2. Ephesians 5:18 says don’t get drunk. A fair verse, one of many (Proverbs 23:20, Isaiah 5:22, Romans 13:13, 1 Cor. 6:10, Galatians 5:19-21, 1 Timothy 3:8, ect ect). To treat these verses fairly we must differentiate between drunkenness and drinking. Having a drink doesn’t make you drunk. Having a couple of drinks doesn’t often get you drunk (unless you hit the hard stuff). Now we have the heart of the issue. Biblically drunkenness is sinful. It is something the Christian should avoid. It’s not a damn you to hell for all eternity sin. It is an act of disobedience against the commands of Jesus. Therefore setting out to get drunk is an act of rebellion against God. It is NOT unforgivable note should it be taken lightly. Sin is bad. Just because their is grace doesn’t give us the excuse to do as we want and ask for forgiveness later. That is not loving toward Jesus. So if the issue in debate is drunkenness, I’m against that. Why? The Bible is against it. If it’s drinking, that case has yet to be proven. Let’s keep looking.
3. Romans 14:13-23 says not to do anything that causes your brother to stumble. This verse gives arguments against drinking the most merit. This captures the heart of God most fairly in the avoidance of alcohol. To avoid drinking, not because drinking itself is a sin but because it may cause others to stumble into sin is noble and Biblical. Don’t just avoid alcohol, know why. The heart of why you do or don’t drink is as important as your choice in doing it. The heart to not drink MUST be for the example to your fellow believers and to outsiders. This however, in my opinion is the ONLY verse that holds any way against drinking. Here is my counter: we live in a fallen world. Between global warming, homosexual marriage, P.E.T.A, gun control, politics, Nascar, sports, and numerous other issues it’s pretty much impossible to do anything or go anywhere without risking offending someone else. Why? We are all so stinking sensitive. Bunch of babies with boo-boos we are. I agree anyone who chooses to exercise their freedom to drink MUST do so with discretion. Don’t cause others to sin. Don’t drink too much. Don’t drink around people who you don’t know where they stand on it. Be respectful. Be considerate. When in doubt, don’t risk causing your brother to stumble. This verse I believe is for caution not for prohibition.
Rebutting the Rebuttal
1. Look at Colossians 2:16, “Therefore let no one pass judgment on you in questions of food and drink”
2. Consider 1 Corinthians 6:12 “All things are lawful for me,” but not all things are helpful. “All things are lawful for me,” but I will not be enslaved by anything.” This captures my argument well. Are we free to drink? Yes. So long as we do not give in to drunkenness and are not enslaved by it.
Are Christians permitted to drink? Yes. Is alcohol a sin? No. Is drinking too much a sin? Yes. Are Christians permitted to be drunk? No.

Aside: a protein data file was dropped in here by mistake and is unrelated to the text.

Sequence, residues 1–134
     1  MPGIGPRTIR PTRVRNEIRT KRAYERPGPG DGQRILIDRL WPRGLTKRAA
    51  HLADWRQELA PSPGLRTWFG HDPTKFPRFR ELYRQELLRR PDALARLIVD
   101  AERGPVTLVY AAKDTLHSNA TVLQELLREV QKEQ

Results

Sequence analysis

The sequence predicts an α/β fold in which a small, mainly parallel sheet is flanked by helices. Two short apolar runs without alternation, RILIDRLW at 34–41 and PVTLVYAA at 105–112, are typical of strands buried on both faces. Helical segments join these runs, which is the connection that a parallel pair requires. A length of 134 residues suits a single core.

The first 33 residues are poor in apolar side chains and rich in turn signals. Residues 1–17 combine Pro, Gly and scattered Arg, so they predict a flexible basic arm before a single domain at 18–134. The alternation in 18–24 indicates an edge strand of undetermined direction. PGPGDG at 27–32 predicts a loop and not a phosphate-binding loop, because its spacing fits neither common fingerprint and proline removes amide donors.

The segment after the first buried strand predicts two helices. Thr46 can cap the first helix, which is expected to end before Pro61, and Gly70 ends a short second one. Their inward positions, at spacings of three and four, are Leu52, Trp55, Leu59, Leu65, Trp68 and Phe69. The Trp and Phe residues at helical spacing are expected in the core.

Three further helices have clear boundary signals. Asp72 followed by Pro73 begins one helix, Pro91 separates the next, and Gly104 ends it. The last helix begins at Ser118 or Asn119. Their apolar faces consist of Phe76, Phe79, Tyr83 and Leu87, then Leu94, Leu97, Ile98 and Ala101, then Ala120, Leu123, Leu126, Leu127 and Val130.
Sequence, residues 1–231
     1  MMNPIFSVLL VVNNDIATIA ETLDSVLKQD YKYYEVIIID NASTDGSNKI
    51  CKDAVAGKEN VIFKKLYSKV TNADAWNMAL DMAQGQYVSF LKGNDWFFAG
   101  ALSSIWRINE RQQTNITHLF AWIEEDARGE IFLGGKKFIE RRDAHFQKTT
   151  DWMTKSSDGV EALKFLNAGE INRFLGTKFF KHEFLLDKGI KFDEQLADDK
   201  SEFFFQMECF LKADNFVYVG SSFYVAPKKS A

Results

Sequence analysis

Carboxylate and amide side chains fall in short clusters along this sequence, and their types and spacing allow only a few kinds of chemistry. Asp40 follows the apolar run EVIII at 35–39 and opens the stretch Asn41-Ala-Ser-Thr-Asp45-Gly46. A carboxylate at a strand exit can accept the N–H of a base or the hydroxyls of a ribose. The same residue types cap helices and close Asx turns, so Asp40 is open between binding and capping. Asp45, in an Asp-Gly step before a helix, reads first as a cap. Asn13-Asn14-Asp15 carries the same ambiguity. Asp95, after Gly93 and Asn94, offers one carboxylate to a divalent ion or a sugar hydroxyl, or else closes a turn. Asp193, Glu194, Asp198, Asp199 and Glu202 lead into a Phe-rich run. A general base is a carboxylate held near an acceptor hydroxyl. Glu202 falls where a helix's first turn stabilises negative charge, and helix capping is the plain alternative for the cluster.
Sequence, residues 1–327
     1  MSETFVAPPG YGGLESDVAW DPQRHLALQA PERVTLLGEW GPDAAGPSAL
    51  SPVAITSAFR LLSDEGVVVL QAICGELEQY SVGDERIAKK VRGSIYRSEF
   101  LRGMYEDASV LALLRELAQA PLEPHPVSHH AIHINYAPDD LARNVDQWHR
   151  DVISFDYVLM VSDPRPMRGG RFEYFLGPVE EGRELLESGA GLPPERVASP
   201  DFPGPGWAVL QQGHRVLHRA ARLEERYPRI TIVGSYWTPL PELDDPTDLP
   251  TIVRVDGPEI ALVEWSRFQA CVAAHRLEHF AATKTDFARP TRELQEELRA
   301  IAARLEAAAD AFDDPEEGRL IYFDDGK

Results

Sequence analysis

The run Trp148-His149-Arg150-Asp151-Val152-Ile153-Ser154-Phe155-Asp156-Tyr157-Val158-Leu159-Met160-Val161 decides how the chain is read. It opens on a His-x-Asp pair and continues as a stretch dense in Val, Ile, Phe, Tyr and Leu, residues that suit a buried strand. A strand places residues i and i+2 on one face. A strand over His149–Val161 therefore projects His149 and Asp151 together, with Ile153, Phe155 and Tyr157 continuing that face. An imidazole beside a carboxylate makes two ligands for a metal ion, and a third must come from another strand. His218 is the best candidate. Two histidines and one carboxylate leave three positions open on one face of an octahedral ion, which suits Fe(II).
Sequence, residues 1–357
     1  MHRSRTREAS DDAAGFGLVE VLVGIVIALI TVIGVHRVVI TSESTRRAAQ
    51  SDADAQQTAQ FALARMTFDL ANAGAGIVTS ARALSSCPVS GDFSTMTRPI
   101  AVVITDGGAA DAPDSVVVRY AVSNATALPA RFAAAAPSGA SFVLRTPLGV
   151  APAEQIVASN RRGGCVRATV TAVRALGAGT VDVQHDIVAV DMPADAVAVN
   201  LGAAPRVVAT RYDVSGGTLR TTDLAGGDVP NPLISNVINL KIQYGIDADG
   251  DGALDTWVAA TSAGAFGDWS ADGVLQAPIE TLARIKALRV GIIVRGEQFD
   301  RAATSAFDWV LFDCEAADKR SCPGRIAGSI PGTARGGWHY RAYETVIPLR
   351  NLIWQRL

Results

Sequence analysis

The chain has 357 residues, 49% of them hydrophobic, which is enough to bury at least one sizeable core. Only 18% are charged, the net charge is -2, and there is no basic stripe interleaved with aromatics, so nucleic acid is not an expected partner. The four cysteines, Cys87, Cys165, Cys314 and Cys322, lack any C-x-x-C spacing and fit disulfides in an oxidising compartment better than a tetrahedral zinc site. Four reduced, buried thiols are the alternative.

10 Practical points:
1. If you have a history of substance abuse or an addictive personality – don’t drink.
2. If you are an alcohol or recovering alcoholic – don’t drink.
3. If you drink too much when you drink – don’t drink.
4. If you lose control or clarity in your thought when you drink – don’t drink.
5. If someone might stumble because they witness you drinking – don’t drink.
6. If you come from a line of drunks – consider not drinking.
7. If you don’t feel right about drinking – don’t drink.
8. If you don’t want to drink – don’t drink.
9. Just because one of the above applies to you doesn’t meant it applies to everyone else – don’t judge.
10. If you are convicted in not drinking, you need to understand the Bible does not forbid the consumption of alcohol. It warns and prohibits the ABUSE of alcohol. You may not like drinking. You may disagree with it entirely and with anyone for doing it. You are entitled to your opinion. That doesn’t give you the right to use the Bible to say what you want it to say. You can’t demand Biblically that people stop drinking. So don’t.
For example: I hate smoking. I hate it with a passion. I think it’s stupid. I think it’s gross. I think it’s a waste of money. I think it should never be allowed in public because I don’t want to breathe or even smell the crap. I think it stinks. I am allergic to smoke so when people do it even if they do it outside away from me and they come near me I can feel my lungs tighten up around them (which is annoying). I think it is FAR more harmful to the body than alcohol. I have lost some dear friends and family members to smoking. I can find several Scriptures that talk about the body being a temple and all that good stuff. I wish I could say it’s a sin to smoke. The Bible doesn’t say it is. So neither can I. It is WRONG to treat your interpretation of Scripture as if it were equal to the Word of God. Your interpretation is yours. The Bible is the Bible. The Bible was given to work on you not for you. We don’t get to dictate what it means or how it should be understood.
What it all comes down to my friends:
You can use your freedom in Christ to drink so long as you do not abuse your freedom in drinking. You don’t have to drink. For many it is wise to avoid it all together. If you drink, drink properly without causing others to sin. If you don’t, don’t do it for the right reasons.